This is the seventh part in the series: SQL Server and Continuous Integration. This post demonstrates the use of GitLab to build SQL Server projects. I use ReadyRoll for my SQL Server projects but SSDT projects could also be built with GitLab. Topics covered so far in this series are:
I’ve installed the free community edition of GitLab on an Ubuntu VM running on Hyper-V. Instructions for most operating systems can be found here.
I’ll be using my ReadyRoll project, RR_Test, that I created earlier in this series. So far, I have only made commits to my local repository. I want to push my repo to GitLab so that other members of the team can pull my changes and push their own.
First, browse to the IP address of your new GitLab server and create a new project.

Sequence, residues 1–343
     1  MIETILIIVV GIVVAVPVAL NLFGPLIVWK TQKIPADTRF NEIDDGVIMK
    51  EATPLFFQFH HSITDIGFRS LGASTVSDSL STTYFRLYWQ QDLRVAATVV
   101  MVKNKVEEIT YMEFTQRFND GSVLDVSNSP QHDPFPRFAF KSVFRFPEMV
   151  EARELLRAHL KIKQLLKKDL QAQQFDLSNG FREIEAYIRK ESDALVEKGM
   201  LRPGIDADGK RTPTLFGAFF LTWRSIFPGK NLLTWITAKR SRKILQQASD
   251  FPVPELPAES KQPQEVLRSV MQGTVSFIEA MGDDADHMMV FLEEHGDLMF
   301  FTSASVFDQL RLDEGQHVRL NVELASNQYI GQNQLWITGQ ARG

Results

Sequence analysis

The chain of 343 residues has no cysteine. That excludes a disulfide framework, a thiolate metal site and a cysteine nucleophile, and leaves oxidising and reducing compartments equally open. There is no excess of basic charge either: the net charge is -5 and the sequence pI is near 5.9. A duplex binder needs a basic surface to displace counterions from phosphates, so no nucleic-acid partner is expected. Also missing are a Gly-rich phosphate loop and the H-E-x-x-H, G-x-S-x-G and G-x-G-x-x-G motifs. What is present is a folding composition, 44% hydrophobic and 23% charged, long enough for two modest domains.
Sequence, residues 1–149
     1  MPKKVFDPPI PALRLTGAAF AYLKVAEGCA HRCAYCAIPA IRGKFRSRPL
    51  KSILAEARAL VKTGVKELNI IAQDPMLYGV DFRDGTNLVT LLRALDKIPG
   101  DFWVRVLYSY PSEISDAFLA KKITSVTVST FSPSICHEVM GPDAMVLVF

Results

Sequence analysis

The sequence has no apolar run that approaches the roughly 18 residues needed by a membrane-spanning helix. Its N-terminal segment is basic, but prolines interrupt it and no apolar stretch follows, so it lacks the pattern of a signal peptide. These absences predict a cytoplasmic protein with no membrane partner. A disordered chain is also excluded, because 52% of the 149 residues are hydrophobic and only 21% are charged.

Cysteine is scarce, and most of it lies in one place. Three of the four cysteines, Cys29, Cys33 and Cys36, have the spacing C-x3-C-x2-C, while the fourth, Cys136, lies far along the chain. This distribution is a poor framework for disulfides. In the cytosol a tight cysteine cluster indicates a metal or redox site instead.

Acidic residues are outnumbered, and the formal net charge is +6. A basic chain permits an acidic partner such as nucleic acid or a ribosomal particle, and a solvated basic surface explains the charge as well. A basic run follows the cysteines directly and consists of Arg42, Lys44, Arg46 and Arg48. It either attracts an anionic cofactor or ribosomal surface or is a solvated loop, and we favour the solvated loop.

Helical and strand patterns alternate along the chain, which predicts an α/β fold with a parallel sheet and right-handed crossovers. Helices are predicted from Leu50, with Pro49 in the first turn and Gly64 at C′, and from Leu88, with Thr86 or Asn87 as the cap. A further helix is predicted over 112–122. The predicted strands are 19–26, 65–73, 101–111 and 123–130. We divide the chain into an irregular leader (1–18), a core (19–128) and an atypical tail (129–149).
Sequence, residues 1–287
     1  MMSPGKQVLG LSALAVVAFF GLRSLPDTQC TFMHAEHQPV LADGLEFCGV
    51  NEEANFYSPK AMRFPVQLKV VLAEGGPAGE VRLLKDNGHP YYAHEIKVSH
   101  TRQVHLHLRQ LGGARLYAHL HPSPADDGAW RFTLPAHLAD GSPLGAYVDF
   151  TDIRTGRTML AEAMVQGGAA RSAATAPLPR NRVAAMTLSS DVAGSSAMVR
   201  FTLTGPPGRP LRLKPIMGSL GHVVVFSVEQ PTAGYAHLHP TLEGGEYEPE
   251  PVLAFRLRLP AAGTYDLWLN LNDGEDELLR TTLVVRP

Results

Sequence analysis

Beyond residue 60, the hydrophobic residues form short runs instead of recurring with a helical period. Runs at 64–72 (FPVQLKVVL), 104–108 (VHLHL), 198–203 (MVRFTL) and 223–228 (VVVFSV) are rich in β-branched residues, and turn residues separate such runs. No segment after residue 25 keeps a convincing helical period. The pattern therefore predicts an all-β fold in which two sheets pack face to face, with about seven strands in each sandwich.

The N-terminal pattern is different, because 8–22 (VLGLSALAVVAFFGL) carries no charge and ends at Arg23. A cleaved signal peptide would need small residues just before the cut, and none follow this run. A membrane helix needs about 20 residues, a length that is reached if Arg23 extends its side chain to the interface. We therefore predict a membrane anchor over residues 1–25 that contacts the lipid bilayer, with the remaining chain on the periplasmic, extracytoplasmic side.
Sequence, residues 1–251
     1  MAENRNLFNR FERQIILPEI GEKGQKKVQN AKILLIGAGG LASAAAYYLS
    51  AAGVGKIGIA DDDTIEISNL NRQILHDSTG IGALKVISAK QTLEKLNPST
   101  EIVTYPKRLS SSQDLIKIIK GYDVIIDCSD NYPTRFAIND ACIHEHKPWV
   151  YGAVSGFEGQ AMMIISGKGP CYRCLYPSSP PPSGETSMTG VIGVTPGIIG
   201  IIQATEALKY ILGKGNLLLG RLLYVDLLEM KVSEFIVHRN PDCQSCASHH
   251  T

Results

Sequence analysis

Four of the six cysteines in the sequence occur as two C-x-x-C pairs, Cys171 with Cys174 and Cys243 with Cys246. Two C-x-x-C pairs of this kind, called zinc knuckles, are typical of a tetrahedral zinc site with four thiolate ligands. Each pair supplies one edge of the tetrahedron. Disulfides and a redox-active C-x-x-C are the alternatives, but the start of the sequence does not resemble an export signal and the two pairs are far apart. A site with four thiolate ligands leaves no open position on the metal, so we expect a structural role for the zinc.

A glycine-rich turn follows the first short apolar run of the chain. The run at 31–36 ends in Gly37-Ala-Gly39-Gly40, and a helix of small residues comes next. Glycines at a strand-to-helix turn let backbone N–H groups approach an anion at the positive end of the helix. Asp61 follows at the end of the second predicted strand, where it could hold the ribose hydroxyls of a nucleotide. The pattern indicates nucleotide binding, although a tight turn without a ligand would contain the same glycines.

Copy the HTTP URL on the next screen.
Open a solution in Visual Studio. Then use the Team Explorer panel to publish the local repository to the remote repository on GitLab.
In the “Add Remote” dialogue box that appears, paste the URL (from the GitLab project screen) to add it as a remote repository.
Refresh the project page to see that the repo has been received with all its files and commits.
A GitLab project is not just a remote repository for code; there is a wiki for documentation and an issue system for the new features and bugs to be implemented. The issue system has a board section that you will be familiar with if you have used tools like Trello.
The next step is to setup automatic builds, tests and deployments. This will require a runner, a pipeline and a YAML file, all of which I will cover in the next post Building SQL Server Projects with GitLab Runners.